This Primer on Opioid-related Public Health Emergencies provides key information and visual snapshots of federal, state, tribal, and local emergency declarations in response to the opioid crisis across the U.S.
A requester recently contacted the Network for guidance and clarification on who is permitted to prescribe naloxone directly or via standing order in Wisconsin. Specifically, the requester wanted to know the prescriber authority and criminal liability for advanced practice nurses versus registered or licensed nurse practitioners.
A climate and health specialist contacted the Network for information about resources related to preemption of local laws by states, specifically state-level preemption of bans on the use of plastic bags by grocery stores, convenience stores and other establishments.
All 50 states and the District of Columbia have now modified their laws to increase access to naloxone, a drug that can reverse the effects of an overdose to heroin or other opioid painkillers. The Network was recently asked about the number of states in which naloxone can be purchased “over the counter”. While there are a wide variety of steps that states, localities, and private businesses can take to increase access to naloxone, they cannot make it available “over the counter” or “without a prescription.”
The Network was recently contacted by a policy analyst at a state health department about whether there were known best-practices or resources that focus on zoning ordinances, requirements, or incentives for developers that encourage biking through the creation of bikes lanes, the installation of bike racks and similar initiatives in new housing developments. The Network provided the requester with information on several resources, evaluative tools and sample ordinances on biking.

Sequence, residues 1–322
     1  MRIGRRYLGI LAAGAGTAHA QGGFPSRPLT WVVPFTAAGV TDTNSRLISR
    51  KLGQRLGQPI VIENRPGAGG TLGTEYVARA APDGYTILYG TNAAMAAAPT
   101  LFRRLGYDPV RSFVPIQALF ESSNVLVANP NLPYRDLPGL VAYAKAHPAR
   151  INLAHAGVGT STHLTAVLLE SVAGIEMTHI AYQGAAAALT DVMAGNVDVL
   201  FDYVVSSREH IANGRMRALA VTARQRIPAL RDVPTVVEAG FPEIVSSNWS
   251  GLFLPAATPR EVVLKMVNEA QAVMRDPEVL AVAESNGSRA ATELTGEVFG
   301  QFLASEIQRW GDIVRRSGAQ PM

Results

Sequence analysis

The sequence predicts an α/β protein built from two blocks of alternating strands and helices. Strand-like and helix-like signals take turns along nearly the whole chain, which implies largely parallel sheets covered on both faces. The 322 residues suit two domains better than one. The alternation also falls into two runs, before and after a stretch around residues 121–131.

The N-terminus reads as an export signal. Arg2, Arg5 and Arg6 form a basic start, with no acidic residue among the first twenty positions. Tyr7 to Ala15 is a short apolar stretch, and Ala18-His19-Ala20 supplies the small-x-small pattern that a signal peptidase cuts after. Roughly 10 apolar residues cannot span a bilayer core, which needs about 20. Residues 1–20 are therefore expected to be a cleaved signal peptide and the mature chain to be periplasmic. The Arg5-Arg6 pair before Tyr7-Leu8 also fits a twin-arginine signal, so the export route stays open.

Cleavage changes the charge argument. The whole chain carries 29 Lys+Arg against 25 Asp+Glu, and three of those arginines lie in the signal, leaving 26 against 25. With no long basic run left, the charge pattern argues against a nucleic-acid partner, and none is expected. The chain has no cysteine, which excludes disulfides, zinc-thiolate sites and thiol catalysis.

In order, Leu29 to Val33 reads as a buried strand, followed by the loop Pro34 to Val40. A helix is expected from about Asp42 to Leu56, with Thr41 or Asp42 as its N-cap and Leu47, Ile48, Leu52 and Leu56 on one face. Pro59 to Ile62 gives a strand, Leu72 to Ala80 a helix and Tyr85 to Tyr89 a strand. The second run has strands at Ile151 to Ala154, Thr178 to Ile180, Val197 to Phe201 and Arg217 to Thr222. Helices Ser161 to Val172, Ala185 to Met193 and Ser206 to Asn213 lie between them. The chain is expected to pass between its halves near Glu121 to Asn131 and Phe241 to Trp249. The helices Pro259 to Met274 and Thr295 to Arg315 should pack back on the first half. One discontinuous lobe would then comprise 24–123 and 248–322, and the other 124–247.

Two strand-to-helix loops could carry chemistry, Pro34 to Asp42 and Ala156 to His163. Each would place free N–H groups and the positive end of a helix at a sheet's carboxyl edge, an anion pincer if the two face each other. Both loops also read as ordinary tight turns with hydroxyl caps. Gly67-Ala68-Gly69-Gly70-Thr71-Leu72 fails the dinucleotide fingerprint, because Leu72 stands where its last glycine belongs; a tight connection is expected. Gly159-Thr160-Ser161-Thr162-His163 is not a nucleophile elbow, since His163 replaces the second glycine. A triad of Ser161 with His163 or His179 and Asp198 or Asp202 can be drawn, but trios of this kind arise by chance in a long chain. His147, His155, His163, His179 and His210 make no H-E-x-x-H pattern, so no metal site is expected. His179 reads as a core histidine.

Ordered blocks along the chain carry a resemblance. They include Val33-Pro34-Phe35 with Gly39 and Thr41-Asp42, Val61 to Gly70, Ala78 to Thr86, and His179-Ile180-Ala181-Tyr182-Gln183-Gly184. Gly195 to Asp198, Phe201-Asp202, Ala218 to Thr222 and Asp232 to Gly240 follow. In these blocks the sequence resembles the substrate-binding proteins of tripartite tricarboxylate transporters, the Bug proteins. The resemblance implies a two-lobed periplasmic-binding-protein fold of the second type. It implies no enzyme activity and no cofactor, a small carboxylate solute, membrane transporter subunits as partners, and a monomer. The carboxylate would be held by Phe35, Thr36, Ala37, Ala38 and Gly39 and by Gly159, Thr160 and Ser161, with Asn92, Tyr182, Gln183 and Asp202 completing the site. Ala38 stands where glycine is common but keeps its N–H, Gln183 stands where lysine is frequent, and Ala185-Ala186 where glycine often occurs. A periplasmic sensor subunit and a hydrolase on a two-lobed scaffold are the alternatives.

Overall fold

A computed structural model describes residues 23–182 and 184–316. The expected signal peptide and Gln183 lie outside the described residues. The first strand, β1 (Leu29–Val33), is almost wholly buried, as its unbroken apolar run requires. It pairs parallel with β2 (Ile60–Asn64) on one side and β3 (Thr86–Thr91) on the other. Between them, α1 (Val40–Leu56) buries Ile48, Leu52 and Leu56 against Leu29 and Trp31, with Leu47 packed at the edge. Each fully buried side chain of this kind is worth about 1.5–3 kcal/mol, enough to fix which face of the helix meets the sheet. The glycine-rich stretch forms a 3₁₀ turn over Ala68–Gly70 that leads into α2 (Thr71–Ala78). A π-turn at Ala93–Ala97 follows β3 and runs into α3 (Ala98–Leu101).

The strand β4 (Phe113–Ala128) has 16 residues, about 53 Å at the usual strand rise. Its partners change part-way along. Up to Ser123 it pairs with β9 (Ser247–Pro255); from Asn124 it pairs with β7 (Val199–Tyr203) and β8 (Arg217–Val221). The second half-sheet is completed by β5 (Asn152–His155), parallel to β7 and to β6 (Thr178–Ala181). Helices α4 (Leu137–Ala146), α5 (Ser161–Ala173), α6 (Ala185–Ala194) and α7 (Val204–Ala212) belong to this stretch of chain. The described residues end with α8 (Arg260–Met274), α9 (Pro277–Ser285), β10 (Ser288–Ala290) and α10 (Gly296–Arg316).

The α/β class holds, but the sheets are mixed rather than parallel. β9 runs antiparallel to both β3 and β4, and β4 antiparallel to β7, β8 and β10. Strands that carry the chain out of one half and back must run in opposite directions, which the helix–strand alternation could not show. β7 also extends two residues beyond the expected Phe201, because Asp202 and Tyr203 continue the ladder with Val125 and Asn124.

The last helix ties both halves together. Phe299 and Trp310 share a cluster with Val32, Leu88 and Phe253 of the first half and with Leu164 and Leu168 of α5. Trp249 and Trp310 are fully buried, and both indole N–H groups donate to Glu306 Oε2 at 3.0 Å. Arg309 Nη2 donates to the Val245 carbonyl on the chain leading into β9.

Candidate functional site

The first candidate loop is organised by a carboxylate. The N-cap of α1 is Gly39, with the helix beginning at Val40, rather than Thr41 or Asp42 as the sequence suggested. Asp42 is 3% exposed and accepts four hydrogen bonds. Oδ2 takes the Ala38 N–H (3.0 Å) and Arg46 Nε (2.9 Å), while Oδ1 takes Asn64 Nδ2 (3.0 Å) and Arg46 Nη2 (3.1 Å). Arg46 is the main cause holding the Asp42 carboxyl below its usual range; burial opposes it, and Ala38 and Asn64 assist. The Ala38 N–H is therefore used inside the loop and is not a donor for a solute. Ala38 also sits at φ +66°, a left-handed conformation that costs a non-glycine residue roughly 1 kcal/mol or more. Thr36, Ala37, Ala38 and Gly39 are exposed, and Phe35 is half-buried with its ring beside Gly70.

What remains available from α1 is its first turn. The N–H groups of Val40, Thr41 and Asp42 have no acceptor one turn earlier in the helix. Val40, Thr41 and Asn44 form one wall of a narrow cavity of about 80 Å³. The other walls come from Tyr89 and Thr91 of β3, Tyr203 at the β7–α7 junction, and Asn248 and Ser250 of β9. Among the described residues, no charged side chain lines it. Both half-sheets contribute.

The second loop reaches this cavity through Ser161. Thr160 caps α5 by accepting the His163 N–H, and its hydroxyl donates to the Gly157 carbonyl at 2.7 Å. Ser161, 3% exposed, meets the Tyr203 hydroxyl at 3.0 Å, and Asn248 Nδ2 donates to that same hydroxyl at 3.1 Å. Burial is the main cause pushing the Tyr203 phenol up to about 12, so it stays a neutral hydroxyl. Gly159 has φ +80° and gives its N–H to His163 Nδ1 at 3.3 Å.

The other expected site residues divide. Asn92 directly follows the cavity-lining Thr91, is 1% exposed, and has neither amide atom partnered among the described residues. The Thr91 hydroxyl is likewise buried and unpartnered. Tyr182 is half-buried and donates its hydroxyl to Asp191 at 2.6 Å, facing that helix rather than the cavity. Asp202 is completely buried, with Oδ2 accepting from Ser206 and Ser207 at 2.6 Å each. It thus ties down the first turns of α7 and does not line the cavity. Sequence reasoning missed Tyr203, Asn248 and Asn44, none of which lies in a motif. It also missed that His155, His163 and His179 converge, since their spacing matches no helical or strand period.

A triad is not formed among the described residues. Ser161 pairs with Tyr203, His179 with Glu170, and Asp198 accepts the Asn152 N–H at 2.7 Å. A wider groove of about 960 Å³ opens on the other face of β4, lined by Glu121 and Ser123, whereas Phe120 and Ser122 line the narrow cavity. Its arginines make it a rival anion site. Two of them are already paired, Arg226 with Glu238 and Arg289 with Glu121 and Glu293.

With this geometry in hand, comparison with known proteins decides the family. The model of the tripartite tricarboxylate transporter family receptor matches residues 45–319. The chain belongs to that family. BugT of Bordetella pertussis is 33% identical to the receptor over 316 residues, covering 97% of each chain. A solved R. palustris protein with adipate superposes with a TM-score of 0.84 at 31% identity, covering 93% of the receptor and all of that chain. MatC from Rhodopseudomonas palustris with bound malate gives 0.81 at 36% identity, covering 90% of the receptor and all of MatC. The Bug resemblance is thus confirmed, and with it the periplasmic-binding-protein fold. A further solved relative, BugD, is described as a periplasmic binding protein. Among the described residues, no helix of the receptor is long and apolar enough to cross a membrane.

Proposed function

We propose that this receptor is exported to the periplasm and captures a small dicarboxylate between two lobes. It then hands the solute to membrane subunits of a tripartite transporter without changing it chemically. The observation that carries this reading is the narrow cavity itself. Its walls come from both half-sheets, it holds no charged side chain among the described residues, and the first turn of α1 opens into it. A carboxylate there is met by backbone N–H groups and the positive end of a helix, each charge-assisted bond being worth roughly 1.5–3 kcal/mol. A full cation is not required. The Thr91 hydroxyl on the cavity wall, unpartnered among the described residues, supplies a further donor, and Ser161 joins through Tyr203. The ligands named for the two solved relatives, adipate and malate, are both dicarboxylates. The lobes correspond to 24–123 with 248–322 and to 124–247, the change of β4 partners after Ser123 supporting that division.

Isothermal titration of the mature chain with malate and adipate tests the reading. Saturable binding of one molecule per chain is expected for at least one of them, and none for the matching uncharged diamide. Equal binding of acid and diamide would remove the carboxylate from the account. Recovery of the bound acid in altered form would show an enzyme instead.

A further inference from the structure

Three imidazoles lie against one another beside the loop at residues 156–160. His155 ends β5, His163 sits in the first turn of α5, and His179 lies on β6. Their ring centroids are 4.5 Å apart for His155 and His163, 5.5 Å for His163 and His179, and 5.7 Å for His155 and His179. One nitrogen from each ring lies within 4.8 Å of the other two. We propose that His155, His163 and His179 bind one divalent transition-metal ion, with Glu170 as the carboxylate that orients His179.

High rates of morbidity and mortality among Americans related to opioid use have lead multiple jurisdictions to declare a formal state of emergency and public health emergency. Declaring a state of emergency grants states and localities additional resources to address the epidemic immediately. This Fact Sheet provides a brief summary of the emergency declarations in six states, and the Primer provides a visual snapshot and synopses of state-and tribal-based emergency declarations across the U.S. based on currently-available information.
A requestor in Michigan recently contacted the Network with concerns regarding animal control management since stray and wild animals can pose a public health threat. Animal bites can spread rabies and some animals can cause injuries. Because the county in which the requester lived lacked funding for an animal control agency, the requester wanted to know who is responsible for providing animal control and animal quarantine services.
This primer provides a visual snapshot and a timeline on state and federal emergency declarations in relation to Hurricanes Harvey and Irma, and is being updated as things develop with regard to Hurricane Maria.
Opioid overdose is at epidemic levels in the United States. It is estimated that over 33,000 Americans lose their lives from opioid overdose. Opioid overdose mortality is preventable with the timely administration of naloxone and the provision of emergency medical care. Naloxone is a prescription medication, making it difficult for the drug to be readily available by those who need it. In response, many states have made an effort to reduce barriers to accessing naloxone.
A requestor recently contacted the Network with several questions regarding naloxone access.
It is estimated that 15,000 deaths each year are caused by opioid overdose. These overdoses are typically reversible through the timely administration of the drug naloxone and the provision of emergency care. In an attempt to reverse this increase in preventable overdose deaths, many states have recently amended older laws to increase access to emergency care for opiate overdose and encourage those who assist a person experiencing an overdose.